The yeoman farmer was usually a reasonably well off individual as he owned the land he cultivated. He was not beholden to the local landowner for the land he farmed.
Their homes were quite substantial in that they could be two stories high and containing a large central hall where the family entertained.
If the Yeoman farmer employed servants they would be fed in the hall.
If there was no separate kitchen the cooking had to be done in the hall fireplace, although I say fireplace there probably wasn’t a fixed fireplace at all. Fires were built up against a wall, or against an iron panel which could be moved about, or even on a stone plinth in the middle of the hall.
It wasn’t until the late 1500’s that chimneys started to appear, until that the smoke had to escape as best it could through a louvre in the roof. I cannot imagine that the atmosphere in those great halls was very good. This would be when static fireplaces came into being.
Glass for windows was not generally introduced until the early 1600’s. There were often latticed windows but they did not contain any glass.
Glass was such an expensive commodity that it was often bequeathed in a will, as well, would you believe, as chimneys! Can you imagine taking down a chimney brick by brick or painstakingly removing every pane of glass?
Yeomen seemed to own an amazing number of beds in their homes, but I suppose that would be because families were generally large. To have 8 or 10 beds was not at all unusual.
One wealthy Kentish yeoman left 7 feather beds, 9 flock beds and 1 of down.
They seemed to have quite a lot of bed linen too, but that was to be expected given the number of beds they had. Even a poorer yeoman could have owned 15 or 20 pairs of sheets.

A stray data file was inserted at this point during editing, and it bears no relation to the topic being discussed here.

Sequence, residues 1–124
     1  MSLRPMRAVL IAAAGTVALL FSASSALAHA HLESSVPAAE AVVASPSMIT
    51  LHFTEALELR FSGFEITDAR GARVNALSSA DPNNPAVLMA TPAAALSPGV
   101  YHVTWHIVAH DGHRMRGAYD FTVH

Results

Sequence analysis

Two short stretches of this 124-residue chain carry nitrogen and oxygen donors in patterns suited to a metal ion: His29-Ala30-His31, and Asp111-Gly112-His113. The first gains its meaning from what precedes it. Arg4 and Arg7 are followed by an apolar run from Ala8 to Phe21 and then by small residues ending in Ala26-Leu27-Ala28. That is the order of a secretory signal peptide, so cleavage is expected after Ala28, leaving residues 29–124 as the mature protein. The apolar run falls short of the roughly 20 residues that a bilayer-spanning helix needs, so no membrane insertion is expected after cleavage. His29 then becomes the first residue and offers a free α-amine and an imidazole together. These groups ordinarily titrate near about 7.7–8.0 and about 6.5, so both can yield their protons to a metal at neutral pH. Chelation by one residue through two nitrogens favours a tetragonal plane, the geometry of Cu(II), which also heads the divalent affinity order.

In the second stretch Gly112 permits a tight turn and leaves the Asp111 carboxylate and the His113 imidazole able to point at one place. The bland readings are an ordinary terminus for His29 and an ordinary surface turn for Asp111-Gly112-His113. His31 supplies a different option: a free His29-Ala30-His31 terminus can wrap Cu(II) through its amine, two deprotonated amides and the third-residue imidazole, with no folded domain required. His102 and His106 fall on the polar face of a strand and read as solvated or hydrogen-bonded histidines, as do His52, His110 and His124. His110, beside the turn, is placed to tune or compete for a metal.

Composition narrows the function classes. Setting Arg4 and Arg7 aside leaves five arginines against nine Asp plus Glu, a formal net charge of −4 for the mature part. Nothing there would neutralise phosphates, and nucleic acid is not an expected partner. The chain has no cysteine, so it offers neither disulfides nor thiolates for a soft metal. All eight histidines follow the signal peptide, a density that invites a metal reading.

Most bedrooms would contain chests, sometimes 2 or 3 to hold anything that needed to be kept out of the way of mice of the prying eyes of the servants. Another might hold special pieces of pewter or silver that were only brought into use when important guests were being entertained. Usually the chest in the Masters bedroom would hold all his documents and all ‘evidence’ of his property plus any money he had about him.
At different times rooms may have been added to the main building, perhaps an extra room for a kitchen or a storeroom or extra bedrooms.
Usually the dairy house, the bakehouse, the malthouse etc. were separate buildings. Most yeomen’s homes produced their own ale, they baked all their own bread etc. and produced their own cheeses.
There could have been a storeroom in the main house where they stored bags of wheat or rye, flitches of bacon. Perhaps pieces of timber or spare beds would be kept here to keep everything in good order.
The wealthy yeoman may have had one suit of clothes and his wife a best dress made by a tailor but everything else was made by the yeoman farmer’s wife, or by others under her supervision.
Altogether the yeoman farmer’s properties were generally quite substantial and quite a homestead for his family and servants.